Role of the Project Manager | By Brad Egeland | Read time minutes
In Part 1 of this three-part series on my personal list of ten key project areas or issues that need to be managed or avoided as we are overseeing our project engagements, we covered these four areas:
- Poorly defined project goals
- A project team that is not cohesive
- Uncooperative managers whose resources are assigned to your team
- Missed deadlines and final-project deployment dates
#5: Department Management Skills Aren't Translating Well to the Project Level
Be aware of the important differences between departmental management and project management. They often require different levels of supervision and leadership. In fact, skills that work for you as a department manager may interfere with team participation, so you will probably need to develop a completely different approach to supervising the project team. And, unlike being a department manager, your project resources report to other supervisors and probably to other project managers while working on your project engagement. Understand that, at any time, they could be pulled from your project if a need or emergency arises. The highest priority will take precedence, and that may be a more important project, or it may be the resource's department manager needing them for a critical task or assignment.
#6: Unrealistic Project Budgets Are Resulting in Overruns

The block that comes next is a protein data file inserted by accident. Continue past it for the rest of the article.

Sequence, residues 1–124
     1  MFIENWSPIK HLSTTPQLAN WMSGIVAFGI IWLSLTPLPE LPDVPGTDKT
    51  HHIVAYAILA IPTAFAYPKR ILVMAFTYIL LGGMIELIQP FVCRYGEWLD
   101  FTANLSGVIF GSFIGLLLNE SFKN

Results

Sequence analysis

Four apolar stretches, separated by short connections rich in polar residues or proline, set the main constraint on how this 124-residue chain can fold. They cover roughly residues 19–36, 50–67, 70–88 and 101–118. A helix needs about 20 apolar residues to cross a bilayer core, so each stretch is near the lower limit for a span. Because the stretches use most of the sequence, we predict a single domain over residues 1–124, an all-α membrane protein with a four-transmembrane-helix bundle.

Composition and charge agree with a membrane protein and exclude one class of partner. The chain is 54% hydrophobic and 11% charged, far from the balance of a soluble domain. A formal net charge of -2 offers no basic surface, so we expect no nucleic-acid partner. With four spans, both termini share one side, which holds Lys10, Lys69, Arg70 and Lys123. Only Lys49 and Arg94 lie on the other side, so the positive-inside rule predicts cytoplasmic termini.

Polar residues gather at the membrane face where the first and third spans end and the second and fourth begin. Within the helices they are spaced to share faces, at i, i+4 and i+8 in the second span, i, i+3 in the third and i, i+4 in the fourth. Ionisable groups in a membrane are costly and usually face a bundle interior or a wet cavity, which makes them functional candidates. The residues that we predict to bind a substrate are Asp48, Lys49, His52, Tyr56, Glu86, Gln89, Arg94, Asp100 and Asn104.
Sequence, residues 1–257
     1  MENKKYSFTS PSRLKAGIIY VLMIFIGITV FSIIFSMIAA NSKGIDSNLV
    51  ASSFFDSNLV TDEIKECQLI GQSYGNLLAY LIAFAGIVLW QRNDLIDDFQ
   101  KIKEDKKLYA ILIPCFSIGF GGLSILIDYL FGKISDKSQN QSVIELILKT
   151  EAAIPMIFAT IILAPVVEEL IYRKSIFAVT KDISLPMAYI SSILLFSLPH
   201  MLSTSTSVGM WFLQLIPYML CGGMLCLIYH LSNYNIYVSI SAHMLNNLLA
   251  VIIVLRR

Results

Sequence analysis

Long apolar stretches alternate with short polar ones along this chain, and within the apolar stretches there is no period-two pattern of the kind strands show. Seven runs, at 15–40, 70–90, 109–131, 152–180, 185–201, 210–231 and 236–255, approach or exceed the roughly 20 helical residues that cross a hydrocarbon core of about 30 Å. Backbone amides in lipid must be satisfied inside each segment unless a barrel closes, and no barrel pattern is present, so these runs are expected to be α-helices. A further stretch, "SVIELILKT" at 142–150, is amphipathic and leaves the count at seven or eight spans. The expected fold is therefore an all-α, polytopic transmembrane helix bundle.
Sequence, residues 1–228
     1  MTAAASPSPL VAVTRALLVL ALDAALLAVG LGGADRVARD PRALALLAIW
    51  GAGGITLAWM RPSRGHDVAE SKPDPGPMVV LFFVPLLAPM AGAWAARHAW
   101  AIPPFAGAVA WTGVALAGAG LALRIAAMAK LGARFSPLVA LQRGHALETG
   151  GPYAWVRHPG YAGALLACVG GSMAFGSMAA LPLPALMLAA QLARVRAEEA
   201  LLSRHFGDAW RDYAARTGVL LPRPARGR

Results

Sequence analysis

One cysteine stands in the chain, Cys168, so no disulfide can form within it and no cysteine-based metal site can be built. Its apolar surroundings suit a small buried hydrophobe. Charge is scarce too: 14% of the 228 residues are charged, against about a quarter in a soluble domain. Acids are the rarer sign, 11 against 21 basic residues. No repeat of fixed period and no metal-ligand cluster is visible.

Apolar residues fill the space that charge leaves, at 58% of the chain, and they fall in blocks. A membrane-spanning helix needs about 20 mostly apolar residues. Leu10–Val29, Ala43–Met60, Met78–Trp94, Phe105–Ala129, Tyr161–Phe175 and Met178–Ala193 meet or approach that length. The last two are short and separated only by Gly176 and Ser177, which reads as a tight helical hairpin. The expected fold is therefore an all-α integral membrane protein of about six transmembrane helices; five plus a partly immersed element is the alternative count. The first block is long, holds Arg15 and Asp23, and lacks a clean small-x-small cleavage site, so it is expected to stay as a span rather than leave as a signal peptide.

In your preoccupation with schedules, it's easy to overlook the importance of the budget. Because the company's risk is defined by the financial investment it has made in the project versus the potential reward derived (either from reduced costs and expenses or increased profits in the future), the budget should be controlled very conscientiously.
When you experience budget overruns, there are two possible reasons. First, the budget may be unrealistic. In that case, you need to ask for a more suitable one. Second, you may need to exercise more direct control. Review expense levels more frequently, compare budget and actual expenses, and look for emerging variance trends. Then identify what you need to do to correct the problem and take action.
#7: Your Senior Management Changes Project Scope After Project Initiation
Unfortunately, priorities change. You cannot always assume that a project assigned today will be valid at the time of its deadline. Chronic changes in project assignments are a sign of poor leadership at the top, and there is little you can do, all the while trying to accomplish an ever-changing goal.
The key is to be sure to continue to communicate while you are working on your project. Don't abandon communication after the initial purpose and goals have been defined. Meet weekly with the person who assigned the project and present a brief status report. Restate the goals to make sure they're still valid. Also recognise the fact that changes can occur because of new priorities resulting from perceptions about the market, the competition, and profitability.
In Part 3, the final instalment in this three-part series, we will review the final three of what I have found to be the ten common project issues that need to be recognised and avoided (or at least mitigated) in order to help ensure the success of our project engagements.